“Governor Chris Sununu has put forth the most ambitious 10-year energy plan that our state has ever seen. Governor Sununu’s plan has ensured that cost-ineffective subsidies should not be utilized to fund our energy industry, and that ratepayers should not be nickled-and-dimed every time a liberal has a new energy efficiency program they would like to fund. We should stick with the vision and leadership that is on display in Governor Sununu’s 10-year energy plan, and legislators should utilize that document as the roadmap when crafting legislation that affects energy policy.”

CACR 11, relating to taxes. Providing that a broad-based sales tax shall be prohibited and CACR 12, relating to taxes. Providing that an income tax on personal income shall be prohibited.  

“These are simple proposals that seek to enshrine in our state constitution a tenant of New Hampshire that the people ought to support: a ban on broad-based sales taxes and a ban on an income tax on personal income. This constitutional amendment would bring the question forward to New Hampshire voters during the November 2020 election, but this really should pass the House and Senate unanimously. Our New Hampshire Advantage is based on us being low-taxed compared to our neighboring states; while Democrats have already passed a slew of new taxes and fees, they can stand with the people of the Granite State by passing these CACRs to allow the people of New Hampshire to decide.”

SB 68, relative to the centralized voter registration database.

“This bill would allow the use of New Hampshire’s voter registration database to be utilized in a judicial proceeding to determine if the right to vote is being infringed. Infringement of the right to vote cannot be assessed by examining the data of the state’s voter checklist. Our voter checklist changes constantly due to changes in registration, new voter registration, and moved voters who have notified their former clerk of their move. All that can be ascertained from such a review would be implied evidence, not direct evidence of infringement. Courts should only examine actually cases of those who claim their rights are infringed, as there is no statistical review of the voter checklist that can accurately say that voter rights have been affected by any law.”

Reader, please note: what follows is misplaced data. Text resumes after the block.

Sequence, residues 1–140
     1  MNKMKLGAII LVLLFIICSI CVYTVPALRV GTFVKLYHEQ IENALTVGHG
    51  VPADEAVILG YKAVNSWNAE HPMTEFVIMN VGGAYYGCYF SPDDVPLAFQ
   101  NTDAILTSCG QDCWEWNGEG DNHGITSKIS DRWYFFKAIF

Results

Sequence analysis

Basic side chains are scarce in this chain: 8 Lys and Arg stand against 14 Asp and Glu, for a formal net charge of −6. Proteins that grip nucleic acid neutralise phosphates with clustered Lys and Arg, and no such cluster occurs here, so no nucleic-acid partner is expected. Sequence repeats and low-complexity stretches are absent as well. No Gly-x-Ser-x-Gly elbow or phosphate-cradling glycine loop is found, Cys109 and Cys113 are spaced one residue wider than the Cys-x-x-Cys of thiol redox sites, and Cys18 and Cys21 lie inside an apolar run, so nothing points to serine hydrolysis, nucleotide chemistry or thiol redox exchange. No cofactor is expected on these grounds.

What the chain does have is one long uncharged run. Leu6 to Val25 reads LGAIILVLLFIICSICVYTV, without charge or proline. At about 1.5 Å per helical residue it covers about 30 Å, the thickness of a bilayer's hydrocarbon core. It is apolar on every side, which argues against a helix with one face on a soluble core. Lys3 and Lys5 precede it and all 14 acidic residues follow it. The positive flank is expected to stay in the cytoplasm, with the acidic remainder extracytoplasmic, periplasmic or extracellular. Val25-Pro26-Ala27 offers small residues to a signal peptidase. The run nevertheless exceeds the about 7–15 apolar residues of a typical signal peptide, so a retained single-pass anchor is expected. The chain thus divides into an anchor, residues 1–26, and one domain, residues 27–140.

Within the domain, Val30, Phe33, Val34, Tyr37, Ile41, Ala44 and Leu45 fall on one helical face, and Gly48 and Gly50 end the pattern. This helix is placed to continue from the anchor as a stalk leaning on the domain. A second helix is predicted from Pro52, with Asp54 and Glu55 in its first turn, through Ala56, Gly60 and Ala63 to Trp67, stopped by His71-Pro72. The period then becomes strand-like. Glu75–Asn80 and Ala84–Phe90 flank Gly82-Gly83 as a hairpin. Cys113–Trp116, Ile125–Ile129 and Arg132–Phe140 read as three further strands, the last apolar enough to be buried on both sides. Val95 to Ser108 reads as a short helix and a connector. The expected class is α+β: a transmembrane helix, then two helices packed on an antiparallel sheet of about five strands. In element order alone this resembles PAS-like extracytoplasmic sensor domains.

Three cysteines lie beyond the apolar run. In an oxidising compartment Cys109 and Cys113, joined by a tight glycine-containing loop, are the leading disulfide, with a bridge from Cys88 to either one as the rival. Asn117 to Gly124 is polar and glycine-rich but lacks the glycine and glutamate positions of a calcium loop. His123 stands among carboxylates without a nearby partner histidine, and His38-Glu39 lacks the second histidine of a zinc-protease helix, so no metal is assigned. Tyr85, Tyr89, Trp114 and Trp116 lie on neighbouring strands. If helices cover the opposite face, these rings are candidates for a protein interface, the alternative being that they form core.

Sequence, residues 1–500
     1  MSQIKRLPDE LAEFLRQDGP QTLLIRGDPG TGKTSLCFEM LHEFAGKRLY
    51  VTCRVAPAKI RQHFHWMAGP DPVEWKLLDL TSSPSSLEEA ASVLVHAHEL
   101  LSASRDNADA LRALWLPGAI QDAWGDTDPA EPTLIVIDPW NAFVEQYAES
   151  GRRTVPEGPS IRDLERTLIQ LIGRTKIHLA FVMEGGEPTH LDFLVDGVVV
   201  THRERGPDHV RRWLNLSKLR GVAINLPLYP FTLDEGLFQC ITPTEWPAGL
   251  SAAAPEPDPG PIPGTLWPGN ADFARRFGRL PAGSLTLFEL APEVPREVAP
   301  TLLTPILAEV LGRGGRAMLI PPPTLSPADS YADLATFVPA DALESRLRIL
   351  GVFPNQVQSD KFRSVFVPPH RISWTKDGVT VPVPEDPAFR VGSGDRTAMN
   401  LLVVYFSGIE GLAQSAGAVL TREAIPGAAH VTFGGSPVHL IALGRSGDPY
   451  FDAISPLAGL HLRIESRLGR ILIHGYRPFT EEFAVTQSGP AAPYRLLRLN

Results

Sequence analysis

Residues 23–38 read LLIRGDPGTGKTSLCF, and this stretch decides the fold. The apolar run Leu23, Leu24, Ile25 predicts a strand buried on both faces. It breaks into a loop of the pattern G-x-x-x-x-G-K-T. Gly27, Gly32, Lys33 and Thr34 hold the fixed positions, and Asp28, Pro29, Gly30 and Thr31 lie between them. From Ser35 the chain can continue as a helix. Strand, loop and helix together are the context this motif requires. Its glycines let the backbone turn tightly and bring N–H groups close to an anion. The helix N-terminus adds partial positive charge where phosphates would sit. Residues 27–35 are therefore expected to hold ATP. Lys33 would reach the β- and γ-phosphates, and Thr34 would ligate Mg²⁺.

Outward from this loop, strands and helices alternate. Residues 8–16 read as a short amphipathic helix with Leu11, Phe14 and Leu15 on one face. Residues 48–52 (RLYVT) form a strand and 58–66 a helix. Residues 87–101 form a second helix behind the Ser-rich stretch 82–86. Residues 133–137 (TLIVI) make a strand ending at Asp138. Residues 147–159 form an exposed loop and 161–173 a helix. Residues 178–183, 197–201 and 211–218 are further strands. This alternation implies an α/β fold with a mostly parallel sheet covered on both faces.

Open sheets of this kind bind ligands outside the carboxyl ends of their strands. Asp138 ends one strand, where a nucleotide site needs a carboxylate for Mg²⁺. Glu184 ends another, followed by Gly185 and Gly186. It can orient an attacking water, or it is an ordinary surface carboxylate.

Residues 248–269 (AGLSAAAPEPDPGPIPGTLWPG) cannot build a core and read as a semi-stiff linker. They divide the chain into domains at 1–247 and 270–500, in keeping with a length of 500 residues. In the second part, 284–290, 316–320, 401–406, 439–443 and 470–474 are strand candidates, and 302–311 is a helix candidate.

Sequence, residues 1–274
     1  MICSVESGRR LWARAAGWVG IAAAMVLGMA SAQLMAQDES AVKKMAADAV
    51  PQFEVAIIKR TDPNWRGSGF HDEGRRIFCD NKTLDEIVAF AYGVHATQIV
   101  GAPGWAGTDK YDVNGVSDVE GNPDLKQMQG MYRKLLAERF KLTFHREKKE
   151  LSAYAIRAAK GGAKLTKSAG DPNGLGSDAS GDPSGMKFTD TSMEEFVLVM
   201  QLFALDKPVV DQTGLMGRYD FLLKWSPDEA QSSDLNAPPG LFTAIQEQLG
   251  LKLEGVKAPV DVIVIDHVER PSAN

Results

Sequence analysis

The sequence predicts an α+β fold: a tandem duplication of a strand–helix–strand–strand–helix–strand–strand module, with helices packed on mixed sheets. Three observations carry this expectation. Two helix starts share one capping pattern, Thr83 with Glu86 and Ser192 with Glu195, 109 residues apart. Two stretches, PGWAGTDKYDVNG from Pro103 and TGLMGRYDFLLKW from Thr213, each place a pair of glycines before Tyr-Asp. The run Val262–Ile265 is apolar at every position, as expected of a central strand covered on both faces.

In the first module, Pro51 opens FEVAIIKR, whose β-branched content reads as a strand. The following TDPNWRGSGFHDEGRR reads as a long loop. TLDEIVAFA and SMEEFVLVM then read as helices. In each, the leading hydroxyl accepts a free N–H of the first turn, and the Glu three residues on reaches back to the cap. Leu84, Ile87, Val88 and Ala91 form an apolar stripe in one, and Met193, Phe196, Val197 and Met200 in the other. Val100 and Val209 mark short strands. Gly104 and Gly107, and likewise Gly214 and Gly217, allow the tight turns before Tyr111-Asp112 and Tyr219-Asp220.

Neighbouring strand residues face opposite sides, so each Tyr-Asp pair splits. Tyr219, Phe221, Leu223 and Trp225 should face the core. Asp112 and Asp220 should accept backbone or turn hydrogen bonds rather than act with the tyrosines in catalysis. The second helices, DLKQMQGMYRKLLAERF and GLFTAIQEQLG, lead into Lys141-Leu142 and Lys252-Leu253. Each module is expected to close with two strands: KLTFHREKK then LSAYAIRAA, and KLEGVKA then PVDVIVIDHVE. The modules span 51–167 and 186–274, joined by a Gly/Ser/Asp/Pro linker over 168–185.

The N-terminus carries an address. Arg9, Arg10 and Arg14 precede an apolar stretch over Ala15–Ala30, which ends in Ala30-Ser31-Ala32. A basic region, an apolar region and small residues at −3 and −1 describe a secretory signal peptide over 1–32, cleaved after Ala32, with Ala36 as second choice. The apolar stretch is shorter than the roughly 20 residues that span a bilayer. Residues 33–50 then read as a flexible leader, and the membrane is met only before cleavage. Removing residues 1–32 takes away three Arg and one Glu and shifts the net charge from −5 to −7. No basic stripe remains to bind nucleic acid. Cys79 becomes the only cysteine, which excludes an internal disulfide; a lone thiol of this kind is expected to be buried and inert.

SB 105-FN, relative to contributions to inaugural committees.

“Governor Sununu has had the most transparent inaugural committee in New Hampshire history. This partisan push to limit contributions to inaugural committees, contributions that help fund activities that otherwise would be funded by the taxpayers - is a misguided attempt to affect the operations of the Governor's office. This bill ought to be dismissed by all state legislators as political obstruction, and they should focus on countless other issues facing the Granite State.”

SB 57-FN, relative to phasing out and repealing the utility property tax.

“This might be the Democrat’s least favorite thing - phasing out and repealing a tax. However, by phasing out and repealing the utility property tax, we can actually provide essential relief to ratepayers who are left with the cost the utility property tax places on the energy industry. When the opportunity to repeal a tax comes before the legislature, with a plan in place to phase out the taxation over several years as SB 57 does, state legislators should be encouraged to vote to phase out and repeal said taxation. Lowering the tax burden for one industry in the Granite State, one that supplies and charges energy for the rest of the state, is a pro-business move and will only further show to business in and out of New Hampshire that we are a state worth investing in. As anyone can see by reading their electric bill, this is a tax directly passed on to ratepayers.”

SB 191-FN, relative to exemptions for the tax on interest and dividends.

“SB 191-FN increases the interest and dividends tax exemption from $1,200 to $2,400 if either or both taxpayers are over the age of 65, if they are blind, or if they are disabled and unable to work. This increase in the exemption will provide slight relief to those who need it most. This exemption has not been adjusted in decades, and would represent a calculated slight decrease in tax revenues based on 2017 numbers only if interest and dividend growth didn’t grow further upon passage of this exemption. The decrease in taxation, though, would only go to the mentioned groups, which were already established in state law to receive the exemption. Doubling the exemption this year is still a smaller increase then it would be if kept with the rate of inflation since the exemption was last established. Taxpayers over 65, the blind, and the disabled and unable to work deserve this tax relief. The State of New Hampshire is experiencing record revenues month after month; our economy is strong and this tax exemption increase can further increase economic growth, increase the ability to take risks, and eventually increase the receipts of the tax.”